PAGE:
Waiting gives people time to examine the ordinary and detectives had been doing a lot of that. Residents in and around the Lakes District had been waiting seven long years to find out the identity of the killer amongst them. Police had sought the assistance of crime experts of every description – from psychological criminal profilers to forensic psychiatrists, geographic profilers and even, most importantly, a departmental shoeprint morphologist.
After the fourth body had been discovered, sections of the tabloid press had begun referring to the unknown perpetrator as ‘Bigfoot’ – based on what police had described as overly large footprints found at each of the body dump sites. Now, amidst weather frigid enough to freeze salt water ponds, a new idea had begun to take hold amongst those heading the Enquiry Team until they could think of little else.
Undercover officers had worked during the night to build a snowman, or more precisely snowwoman, adjacent to the site where the last victim had been found three weeks previous. Moulded and shaped to bear a resemblance to twenty-two year old waitress Millie White, the most recent innocent prey of Bigfoot, the snow sculpture was also ‘dressed’ in painted on undergarments meant to reproduce the state the body had been found in on the snow-covered footpath outside a local residence. Inside the right coal-stone eye of the snowwoman detectives had placed an infrared camera. Behind the mouth was secreted a recording microphone.
For six days nothing happened. The most unusual behaviour recorded was the sight of people making signs of the cross as they stood in front of the statue, plus teenagers taking delight in staging inappropriate poses before being hauled away by their chortling friends. Then, shortly after 11:30pm on the seventh night, the surveillance team observed something unusual enough to warrant their attention.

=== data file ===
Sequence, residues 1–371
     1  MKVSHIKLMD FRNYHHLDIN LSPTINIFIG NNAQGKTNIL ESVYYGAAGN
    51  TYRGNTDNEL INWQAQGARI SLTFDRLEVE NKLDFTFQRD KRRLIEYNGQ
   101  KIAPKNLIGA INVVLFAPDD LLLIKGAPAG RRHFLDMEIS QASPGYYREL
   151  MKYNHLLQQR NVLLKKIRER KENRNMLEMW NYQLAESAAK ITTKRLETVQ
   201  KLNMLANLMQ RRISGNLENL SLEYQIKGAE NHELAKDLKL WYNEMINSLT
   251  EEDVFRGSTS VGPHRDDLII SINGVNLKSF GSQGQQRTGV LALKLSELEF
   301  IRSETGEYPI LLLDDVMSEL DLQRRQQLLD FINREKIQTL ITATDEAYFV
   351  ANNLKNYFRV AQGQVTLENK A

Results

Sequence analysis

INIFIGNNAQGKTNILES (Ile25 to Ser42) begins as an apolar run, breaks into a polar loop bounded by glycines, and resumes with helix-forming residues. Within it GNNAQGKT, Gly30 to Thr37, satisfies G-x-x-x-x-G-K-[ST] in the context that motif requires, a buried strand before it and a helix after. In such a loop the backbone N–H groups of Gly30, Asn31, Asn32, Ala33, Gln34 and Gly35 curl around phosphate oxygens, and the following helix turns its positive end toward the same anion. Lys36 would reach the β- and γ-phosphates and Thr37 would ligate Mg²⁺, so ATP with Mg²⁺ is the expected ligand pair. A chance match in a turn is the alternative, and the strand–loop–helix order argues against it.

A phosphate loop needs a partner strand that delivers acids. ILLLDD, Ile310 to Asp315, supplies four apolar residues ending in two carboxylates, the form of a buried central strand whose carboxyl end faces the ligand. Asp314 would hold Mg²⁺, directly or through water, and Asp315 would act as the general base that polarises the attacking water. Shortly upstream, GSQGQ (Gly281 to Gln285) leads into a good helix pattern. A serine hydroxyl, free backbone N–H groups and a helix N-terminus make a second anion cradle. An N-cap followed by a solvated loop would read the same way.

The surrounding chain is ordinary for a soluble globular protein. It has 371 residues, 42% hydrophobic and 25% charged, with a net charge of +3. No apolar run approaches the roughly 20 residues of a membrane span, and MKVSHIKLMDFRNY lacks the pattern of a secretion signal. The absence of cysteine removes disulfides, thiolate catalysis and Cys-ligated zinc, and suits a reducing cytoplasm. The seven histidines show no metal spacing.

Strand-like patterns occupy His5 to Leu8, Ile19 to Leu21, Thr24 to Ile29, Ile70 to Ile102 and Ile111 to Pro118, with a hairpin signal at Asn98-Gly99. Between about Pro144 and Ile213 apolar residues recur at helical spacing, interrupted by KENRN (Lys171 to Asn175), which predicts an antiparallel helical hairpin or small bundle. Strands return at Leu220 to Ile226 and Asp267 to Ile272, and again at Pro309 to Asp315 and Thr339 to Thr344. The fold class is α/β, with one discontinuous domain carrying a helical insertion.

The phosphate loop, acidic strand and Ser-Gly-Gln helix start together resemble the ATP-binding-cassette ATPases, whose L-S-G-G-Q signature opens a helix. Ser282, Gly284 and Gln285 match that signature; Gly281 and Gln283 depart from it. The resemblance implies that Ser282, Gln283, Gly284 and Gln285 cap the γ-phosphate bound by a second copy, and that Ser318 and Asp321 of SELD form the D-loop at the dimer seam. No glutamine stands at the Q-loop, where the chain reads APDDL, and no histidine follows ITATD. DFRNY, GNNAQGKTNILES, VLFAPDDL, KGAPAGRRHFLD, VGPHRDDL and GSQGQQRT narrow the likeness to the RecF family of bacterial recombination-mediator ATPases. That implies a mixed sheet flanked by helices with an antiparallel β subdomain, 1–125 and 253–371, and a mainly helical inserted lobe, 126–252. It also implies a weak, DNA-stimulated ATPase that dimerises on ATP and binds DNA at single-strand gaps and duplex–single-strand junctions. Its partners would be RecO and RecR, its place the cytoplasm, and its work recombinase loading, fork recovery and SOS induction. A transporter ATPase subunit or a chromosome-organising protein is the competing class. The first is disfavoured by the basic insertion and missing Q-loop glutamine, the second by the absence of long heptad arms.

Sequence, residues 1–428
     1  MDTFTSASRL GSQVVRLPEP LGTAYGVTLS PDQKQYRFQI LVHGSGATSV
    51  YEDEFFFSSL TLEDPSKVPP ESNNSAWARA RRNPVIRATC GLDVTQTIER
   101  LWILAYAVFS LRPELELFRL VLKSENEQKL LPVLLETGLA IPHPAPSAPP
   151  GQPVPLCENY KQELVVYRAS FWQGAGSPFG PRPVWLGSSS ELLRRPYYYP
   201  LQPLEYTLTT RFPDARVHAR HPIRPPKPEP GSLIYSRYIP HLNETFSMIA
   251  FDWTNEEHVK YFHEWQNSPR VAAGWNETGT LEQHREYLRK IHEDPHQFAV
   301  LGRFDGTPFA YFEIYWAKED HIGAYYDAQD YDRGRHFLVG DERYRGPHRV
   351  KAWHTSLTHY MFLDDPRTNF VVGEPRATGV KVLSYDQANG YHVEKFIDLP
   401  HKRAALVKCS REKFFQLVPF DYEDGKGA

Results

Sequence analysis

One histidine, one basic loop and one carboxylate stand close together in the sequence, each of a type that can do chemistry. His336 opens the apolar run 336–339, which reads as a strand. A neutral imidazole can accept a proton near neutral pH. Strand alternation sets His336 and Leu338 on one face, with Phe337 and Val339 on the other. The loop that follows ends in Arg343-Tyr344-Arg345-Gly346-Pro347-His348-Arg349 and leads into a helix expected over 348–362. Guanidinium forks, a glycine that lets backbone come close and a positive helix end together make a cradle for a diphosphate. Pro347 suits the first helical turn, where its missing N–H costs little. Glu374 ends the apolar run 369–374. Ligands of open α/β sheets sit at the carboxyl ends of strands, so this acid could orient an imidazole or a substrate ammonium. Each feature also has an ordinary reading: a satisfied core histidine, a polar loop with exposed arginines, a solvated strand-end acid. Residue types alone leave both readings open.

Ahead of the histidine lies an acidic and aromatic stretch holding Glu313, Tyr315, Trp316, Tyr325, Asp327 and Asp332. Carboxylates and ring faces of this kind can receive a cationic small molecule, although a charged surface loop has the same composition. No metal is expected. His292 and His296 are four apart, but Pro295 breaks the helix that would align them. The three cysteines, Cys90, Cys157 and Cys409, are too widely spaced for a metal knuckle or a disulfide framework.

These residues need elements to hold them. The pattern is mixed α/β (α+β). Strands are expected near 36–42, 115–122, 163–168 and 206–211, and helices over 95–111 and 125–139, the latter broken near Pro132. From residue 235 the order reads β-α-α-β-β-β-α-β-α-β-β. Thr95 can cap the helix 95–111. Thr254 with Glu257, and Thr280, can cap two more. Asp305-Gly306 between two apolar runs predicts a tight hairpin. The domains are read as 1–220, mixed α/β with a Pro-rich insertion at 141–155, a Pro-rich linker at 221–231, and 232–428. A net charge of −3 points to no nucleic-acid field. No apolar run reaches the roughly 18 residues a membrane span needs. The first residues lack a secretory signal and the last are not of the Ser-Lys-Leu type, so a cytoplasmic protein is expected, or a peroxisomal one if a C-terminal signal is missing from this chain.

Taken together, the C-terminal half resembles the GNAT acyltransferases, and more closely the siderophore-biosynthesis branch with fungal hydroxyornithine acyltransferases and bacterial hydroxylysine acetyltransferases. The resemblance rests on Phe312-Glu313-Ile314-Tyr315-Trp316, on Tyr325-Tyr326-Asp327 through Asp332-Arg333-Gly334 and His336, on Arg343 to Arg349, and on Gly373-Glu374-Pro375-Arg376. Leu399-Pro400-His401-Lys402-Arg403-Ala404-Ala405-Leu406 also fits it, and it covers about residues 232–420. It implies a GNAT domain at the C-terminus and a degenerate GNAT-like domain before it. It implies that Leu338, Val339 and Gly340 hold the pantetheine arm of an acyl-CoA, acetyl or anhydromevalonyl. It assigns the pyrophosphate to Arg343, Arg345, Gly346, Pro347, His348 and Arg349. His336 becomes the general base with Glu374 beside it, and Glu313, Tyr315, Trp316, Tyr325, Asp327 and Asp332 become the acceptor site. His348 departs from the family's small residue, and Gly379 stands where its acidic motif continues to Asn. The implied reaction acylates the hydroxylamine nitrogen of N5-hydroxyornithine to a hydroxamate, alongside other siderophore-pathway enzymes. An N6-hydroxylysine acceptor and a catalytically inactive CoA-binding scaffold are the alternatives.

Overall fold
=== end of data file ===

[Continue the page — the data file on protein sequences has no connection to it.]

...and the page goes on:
A white mist may have gathered around the snow figure this night, yet the camera was still able to distinguish a tall, bearded man wearing white gloves and dressed in a navy blue anorak, first walk past, then stop and double back before coming to stand dead centre in front of the eyes of the snowwoman. After an overly deliberate glance in either direction left and right, the person exhaled air in a visible ghostly puff and, fixing with an unnaturally serious gaze on - unbeknownst to him - what was really a video recording device, uttered forth in a deep, raspy voice words the detectives would long remember – “Didn’t I kill you?”
After ID-ing the face seen in the security footage and matching a number of other pieces of evidence, police took only another seventy-two hours to make the arrest of a thirty-six year old male employee of a local shoe store. ‘Bigfoot’ turned out not to have had such disproportionately large feet after all but rather simply access to an infinite variety of shoes and shoe sizes.
When spring finally came that year it brought with it a sense of renewal few had ever experienced. The permanent chill and with it the desolation and despair that had seeped into every living moment of the city these past seven years had finally lifted. And it was all thanks in part to the undercover operative police would long remember as ‘Snow White’.
Glen Donaldson lists the six people he would invite to a dream dinner party as Bram Stoker, Benny Hill, Nikola Tesla, Stanley Kubrick, Christian Fletcher and Dick Smith (makeup artist from ‘The Exorcist’). He is currently writing the short story based around this event.
Glen greeted with good cheer recent feedback from an Australian publisher that a manuscript he submitted was both good and original. Further enquiry on his part revealed they thought the part that was original was not good and the part that was good was not original. Says he’ll use more light sabre crystals next time.
He also claims to have written a number of children’s stories, though he stresses this was not on purpose.